Local authorities are investigating a racially offensive image that was posted on social media. 

In a news release, the Evansville Police Department said officers were contacted Sunday evening about an image showing three white juveniles holding a black baby doll with a string around its neck.

Police say one of the juveniles had a shirt on his head shaped like a KKK hood.

The post identified the juveniles as EVSC students. 

Police contacted the school corporation in an effort to identify the kids, and the EVSC provided the names within 30 minutes.

Girls of color are much more likely than white girls to be suspended from Indiana schools and schools nationwide, according to a new report.

Indiana schools suspend about one in nine black girls, one in 29 Latina girls and one in 50 white girls, according to the report from the National Women’s Law Center.

Paola Marizan / WNIN

In an effort to build relationships between police officers and the African-American community, the Uniting Evansville organization started conversations about race relations in our city. 

Information on police protocol, law enforcement, civilian education and community support were offered at the event to anyone interested.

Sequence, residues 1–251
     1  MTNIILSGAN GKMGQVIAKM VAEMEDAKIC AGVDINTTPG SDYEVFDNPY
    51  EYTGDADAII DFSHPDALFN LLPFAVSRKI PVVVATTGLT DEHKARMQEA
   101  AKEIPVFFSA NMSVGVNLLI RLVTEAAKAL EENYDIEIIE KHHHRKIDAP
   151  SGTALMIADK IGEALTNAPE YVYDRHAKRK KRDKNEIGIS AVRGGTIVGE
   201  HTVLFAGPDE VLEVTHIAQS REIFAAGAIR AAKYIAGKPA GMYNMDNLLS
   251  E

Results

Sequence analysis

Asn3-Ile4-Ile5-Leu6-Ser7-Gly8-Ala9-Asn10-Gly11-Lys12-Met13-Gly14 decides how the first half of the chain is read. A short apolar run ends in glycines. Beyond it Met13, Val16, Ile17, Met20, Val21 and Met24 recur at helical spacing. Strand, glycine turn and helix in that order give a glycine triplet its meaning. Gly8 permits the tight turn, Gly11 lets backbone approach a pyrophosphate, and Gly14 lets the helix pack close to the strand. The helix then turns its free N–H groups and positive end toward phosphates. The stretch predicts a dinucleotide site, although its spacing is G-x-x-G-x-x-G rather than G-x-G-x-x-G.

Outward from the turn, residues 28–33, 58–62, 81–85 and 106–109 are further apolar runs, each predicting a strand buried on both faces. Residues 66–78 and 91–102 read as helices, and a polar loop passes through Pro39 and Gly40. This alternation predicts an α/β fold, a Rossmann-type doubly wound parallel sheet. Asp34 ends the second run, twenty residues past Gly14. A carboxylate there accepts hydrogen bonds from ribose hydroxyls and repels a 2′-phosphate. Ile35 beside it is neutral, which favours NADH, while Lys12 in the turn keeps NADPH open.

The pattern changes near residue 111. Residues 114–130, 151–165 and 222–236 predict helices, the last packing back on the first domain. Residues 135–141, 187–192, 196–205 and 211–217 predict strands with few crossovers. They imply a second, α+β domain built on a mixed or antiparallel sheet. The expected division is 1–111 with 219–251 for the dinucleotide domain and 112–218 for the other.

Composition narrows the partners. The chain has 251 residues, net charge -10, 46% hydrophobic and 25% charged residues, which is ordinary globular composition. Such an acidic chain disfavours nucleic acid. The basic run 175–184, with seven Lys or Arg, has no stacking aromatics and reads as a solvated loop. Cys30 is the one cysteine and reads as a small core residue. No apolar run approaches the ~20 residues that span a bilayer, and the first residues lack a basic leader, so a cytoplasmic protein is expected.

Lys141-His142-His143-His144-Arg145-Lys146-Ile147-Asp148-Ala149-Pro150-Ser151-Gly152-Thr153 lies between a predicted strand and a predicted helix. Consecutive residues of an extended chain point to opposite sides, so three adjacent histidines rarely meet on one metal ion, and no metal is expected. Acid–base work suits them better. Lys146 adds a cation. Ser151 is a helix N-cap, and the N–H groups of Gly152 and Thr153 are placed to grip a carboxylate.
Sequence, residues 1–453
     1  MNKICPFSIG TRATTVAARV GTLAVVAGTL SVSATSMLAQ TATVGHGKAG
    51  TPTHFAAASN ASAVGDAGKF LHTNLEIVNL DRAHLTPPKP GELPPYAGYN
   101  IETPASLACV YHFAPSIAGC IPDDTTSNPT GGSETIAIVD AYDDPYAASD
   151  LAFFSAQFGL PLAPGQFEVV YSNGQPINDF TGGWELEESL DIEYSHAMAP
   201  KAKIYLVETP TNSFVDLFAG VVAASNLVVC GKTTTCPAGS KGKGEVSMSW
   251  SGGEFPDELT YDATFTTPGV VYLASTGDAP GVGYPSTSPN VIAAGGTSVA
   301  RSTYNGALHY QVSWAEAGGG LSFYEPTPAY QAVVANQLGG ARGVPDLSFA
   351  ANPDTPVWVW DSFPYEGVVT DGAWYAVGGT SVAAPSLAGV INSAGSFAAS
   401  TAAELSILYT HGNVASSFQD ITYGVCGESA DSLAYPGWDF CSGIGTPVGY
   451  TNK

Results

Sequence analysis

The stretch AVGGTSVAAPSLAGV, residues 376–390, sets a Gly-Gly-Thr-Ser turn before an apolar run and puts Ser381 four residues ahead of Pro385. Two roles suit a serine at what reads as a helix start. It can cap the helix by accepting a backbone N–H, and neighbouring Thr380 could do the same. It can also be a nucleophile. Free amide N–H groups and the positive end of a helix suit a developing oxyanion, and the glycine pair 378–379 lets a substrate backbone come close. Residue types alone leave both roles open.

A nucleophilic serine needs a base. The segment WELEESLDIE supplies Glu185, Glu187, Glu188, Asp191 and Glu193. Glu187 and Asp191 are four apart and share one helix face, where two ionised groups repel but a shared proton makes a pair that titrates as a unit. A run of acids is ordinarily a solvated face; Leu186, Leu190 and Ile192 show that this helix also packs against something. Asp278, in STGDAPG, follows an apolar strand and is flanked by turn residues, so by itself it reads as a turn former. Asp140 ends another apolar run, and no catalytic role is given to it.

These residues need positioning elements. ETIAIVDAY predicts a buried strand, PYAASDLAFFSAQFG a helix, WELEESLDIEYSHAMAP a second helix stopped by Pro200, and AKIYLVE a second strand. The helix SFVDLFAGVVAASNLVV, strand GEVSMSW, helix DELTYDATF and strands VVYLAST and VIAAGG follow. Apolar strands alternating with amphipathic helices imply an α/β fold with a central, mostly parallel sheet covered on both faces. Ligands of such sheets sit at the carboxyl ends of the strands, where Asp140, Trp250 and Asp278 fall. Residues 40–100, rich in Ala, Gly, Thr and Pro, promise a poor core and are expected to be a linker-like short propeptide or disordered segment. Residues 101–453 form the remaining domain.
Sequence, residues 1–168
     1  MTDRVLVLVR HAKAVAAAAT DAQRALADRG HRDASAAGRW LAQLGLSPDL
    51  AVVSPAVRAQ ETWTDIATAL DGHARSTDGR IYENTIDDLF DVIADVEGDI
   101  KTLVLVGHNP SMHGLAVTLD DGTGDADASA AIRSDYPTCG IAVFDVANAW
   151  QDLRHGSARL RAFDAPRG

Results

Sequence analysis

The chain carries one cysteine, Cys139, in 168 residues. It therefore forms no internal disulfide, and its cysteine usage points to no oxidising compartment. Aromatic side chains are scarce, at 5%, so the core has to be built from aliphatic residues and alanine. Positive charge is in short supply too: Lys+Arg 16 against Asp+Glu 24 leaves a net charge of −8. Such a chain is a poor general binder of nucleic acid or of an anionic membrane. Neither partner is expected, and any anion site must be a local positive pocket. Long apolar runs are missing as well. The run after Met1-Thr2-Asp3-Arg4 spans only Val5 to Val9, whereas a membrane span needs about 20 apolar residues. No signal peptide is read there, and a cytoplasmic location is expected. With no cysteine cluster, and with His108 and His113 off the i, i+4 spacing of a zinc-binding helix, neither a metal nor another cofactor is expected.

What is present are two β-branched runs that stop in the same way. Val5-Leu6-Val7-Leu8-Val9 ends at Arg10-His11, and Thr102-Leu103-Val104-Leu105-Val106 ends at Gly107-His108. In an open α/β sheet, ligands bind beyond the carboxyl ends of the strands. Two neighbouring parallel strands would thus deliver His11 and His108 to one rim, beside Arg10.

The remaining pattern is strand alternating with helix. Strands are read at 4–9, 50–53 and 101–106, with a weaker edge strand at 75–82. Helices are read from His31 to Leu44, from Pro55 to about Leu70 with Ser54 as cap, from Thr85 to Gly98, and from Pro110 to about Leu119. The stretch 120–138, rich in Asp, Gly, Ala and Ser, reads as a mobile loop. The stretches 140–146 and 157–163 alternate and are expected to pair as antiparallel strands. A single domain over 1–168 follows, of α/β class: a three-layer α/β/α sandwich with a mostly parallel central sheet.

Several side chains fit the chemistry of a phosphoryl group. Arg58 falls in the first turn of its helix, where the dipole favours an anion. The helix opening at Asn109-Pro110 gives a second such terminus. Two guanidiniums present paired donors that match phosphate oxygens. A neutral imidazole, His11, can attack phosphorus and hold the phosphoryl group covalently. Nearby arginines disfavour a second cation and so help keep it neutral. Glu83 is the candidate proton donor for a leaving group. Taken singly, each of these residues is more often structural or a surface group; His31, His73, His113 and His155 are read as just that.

More community discussions are set for the future, according to the Uniting Evansville organization.  

Rewind: From 'colorblindness' to color conscious

Aug 24, 2016

In a time where skin color and nationality continue to play a crucial role in our lives, some prefer to confront race issues up front and start difficult conversations to help ease the tension.

One of those people is Roneshia Evans, who prefers to point out the elephant in the room and tackle it head-on. For her being African American doesn’t mean avoiding discussions on diversity. 

Notre Dame professor to discuss race at UE

Apr 7, 2016

An anthropology professor from Notre Dame visits Evansville on Monday to talk about race. 

The address from Professor Augustin Fuentes at the University of Evansville is titled “What Race Is and What It Is Not.”

For starters, Fuentes tells WNIN that race is not biological. But he says it’s an important social issue. 

He says people automatically classify people as white, black, Asian, or Latino among others, but there's not enough talk about how to deal with racial issues.